Copyright 2004 American Medical Association. All Rights Reserved. Applicable FARS/DFARS Restrictions Apply to Government Use.2004
Physicians' opinions on the feasibility of routine influenza vaccination of infants and toddlers are unknown.
To assess the opinions of primary care providers regarding (1) the feasibility of an expanded influenza vaccination recommendation, (2) potential barriers, and (3) current and projected use of immunization reminder systems for influenza vaccination.
In February 2001, we mailed a 20-item, self-administered survey to a national random sample of pediatricians and family physicians (FPs). The survey primarily focused on a scenario of routine influenza vaccination for children aged 12 through 35 months using either injected or intranasal spray vaccine.
Four hundred fifty-eight eligible physicians completed the survey (eligible response rate: pediatricians, 72%; FPs, 52%). Regarding the scenario mentioned above, most physicians agreed that implementation would be feasible (pediatricians, 80%; FPs, 69%); would significantly decrease illness visits during influenza season (pediatricians, 67%; FPs, 57%); and was justified by influenza's severity and complications (pediatricians, 61%; FPs, 41%). When considering a scenario that extended down to 6 months of age and only allowed use of injectable vaccine for infants, fewer physicians (pediatricians, 50%; FPs, 40%) considered implementation feasible. The issues most frequently cited as important potential barriers for practices were costs (77%), vaccine safety issues (52%), and the inability to identify eligible children (46%).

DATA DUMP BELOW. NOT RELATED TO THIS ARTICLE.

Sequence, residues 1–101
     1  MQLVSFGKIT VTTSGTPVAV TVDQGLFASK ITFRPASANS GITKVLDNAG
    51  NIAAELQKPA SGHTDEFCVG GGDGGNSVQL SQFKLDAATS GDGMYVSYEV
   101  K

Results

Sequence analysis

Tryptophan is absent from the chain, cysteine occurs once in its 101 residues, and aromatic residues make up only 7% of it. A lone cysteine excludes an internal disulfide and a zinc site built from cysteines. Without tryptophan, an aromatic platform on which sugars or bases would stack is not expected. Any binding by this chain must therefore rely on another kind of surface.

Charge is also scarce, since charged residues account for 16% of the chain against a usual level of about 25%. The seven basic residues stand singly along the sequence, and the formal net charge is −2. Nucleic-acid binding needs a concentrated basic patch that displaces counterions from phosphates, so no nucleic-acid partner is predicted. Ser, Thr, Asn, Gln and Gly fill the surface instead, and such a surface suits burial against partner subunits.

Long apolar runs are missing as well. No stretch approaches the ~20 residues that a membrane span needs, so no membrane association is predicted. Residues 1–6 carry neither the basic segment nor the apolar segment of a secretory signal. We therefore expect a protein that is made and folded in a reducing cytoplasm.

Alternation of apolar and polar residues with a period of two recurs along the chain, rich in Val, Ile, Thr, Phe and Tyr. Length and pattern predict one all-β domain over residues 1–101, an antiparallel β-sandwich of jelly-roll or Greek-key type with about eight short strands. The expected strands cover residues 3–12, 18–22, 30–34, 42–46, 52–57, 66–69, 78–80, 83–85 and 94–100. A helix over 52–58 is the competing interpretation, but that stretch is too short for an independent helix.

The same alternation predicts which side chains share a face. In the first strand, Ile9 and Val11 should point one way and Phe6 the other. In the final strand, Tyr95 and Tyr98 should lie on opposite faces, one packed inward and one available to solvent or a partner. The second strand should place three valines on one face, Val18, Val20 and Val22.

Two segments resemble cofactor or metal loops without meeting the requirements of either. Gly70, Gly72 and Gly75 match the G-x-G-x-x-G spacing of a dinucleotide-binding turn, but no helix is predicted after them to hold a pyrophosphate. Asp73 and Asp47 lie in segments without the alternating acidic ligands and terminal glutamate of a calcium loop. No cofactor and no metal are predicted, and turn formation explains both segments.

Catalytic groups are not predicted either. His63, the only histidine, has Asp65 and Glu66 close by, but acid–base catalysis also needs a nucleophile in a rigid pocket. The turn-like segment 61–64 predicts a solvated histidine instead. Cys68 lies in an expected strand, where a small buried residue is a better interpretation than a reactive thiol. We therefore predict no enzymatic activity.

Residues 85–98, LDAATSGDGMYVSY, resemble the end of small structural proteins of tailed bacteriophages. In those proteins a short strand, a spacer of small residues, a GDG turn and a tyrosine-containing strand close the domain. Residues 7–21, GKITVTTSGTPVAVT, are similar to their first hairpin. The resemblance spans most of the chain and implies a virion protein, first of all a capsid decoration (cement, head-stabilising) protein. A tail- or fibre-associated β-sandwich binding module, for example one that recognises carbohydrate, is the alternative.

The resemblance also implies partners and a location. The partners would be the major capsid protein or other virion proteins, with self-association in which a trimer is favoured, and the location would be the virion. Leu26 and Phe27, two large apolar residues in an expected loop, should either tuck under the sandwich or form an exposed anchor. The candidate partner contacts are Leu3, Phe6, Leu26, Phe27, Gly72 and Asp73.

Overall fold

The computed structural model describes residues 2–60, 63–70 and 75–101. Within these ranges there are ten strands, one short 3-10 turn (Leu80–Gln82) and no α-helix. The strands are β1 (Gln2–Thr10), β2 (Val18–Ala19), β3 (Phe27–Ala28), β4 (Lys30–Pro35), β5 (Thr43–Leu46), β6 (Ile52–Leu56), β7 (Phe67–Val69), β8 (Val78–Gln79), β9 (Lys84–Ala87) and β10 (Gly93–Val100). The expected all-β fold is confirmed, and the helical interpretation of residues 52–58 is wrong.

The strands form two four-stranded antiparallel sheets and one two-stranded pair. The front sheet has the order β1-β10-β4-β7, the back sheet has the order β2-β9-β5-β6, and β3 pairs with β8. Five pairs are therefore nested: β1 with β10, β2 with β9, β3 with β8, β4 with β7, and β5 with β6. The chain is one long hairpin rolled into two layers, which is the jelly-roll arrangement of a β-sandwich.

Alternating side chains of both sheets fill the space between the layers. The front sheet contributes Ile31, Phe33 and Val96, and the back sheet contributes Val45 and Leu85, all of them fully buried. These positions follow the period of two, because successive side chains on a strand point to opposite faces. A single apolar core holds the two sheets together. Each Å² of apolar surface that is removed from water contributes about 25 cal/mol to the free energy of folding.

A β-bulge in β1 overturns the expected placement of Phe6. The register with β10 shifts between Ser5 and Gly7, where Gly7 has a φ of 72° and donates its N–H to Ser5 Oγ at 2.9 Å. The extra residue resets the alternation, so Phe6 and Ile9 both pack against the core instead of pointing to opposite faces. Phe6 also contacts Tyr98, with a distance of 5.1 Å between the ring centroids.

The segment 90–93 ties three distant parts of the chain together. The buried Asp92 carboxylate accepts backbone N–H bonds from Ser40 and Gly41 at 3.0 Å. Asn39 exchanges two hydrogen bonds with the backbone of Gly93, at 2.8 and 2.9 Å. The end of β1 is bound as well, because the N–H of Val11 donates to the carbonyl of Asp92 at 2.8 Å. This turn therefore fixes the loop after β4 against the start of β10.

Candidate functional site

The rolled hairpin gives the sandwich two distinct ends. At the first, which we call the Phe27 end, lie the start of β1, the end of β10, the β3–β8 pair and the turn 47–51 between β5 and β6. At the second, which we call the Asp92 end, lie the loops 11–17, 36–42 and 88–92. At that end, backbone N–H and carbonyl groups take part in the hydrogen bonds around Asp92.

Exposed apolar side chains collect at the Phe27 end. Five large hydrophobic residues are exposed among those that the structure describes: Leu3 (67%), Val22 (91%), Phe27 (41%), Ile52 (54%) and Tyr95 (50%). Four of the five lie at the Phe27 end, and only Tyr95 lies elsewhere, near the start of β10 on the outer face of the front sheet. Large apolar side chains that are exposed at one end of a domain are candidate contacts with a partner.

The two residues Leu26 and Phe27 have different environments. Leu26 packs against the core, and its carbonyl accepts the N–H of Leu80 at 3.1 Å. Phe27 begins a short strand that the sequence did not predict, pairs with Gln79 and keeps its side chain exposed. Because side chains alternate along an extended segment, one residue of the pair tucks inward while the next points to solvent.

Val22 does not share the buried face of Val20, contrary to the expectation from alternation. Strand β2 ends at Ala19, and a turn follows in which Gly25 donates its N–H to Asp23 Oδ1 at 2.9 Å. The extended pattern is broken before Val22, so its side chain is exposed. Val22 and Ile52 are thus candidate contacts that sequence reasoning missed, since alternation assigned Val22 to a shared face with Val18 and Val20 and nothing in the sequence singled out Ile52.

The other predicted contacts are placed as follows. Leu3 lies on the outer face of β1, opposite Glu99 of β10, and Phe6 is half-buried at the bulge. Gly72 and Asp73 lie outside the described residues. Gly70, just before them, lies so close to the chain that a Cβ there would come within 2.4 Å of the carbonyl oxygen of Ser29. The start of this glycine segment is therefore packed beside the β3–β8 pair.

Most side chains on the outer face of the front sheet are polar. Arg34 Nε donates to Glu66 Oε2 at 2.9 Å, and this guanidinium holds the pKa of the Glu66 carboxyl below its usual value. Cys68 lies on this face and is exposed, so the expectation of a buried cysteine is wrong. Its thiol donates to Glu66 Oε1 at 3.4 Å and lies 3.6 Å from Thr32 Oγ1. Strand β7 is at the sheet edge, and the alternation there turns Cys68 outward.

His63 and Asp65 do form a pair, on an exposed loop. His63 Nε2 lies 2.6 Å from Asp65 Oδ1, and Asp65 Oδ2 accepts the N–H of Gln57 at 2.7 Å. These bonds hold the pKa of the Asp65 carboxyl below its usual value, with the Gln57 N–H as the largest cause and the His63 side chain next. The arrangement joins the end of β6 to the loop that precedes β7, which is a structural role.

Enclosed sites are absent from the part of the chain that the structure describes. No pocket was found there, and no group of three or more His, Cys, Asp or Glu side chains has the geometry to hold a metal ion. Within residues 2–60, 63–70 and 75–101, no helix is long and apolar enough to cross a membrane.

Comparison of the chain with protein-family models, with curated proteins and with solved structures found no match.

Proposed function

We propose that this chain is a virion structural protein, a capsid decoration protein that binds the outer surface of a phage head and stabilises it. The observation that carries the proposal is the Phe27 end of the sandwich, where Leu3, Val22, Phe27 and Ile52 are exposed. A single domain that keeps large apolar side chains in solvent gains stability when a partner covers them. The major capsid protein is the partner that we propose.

To make widespread implementation feasible, the following are needed: minimizing costs for families and physician practices, educational campaigns on key issues, and primary care system changes (eg, tracking of eligible children, reminder and/or recall systems, and immunization clinics).
Because of high rates of influenza-related hospitalizations among healthy infants and young children,1- 5 in October 20036,7 the Advisory Committee on Immunization Practices published a new recommendation to routinely vaccinate healthy children 6 to 23 months old. This followed an earlier recommendation to vaccinate children in this age group whenever feasible.8
Little is known about the feasibility of adding universal influenza vaccination to the already complex pediatric schedule. Unlike other vaccines, influenza vaccine must be given annually. A second dose should be given at least 4 weeks after the first dose for children younger than 9 years who are receiving the influenza vaccine for the first time.7 The window of opportunity for influenza vaccination is relatively short, with most doses given in autumn and early winter, and the optimal time being October through November. Because a high proportion of age-eligible children would not normally make the requisite 1 or 2 visits to their primary care provider during these months,9 systems for identifying and notifying eligible families and for vaccinating large numbers of children are needed.10- 12 The number of children who become eligible for inactivated influenza vaccination under expanded recommendations is large; in the United States there are approximately 5.5 million children 6 to 23 months old.13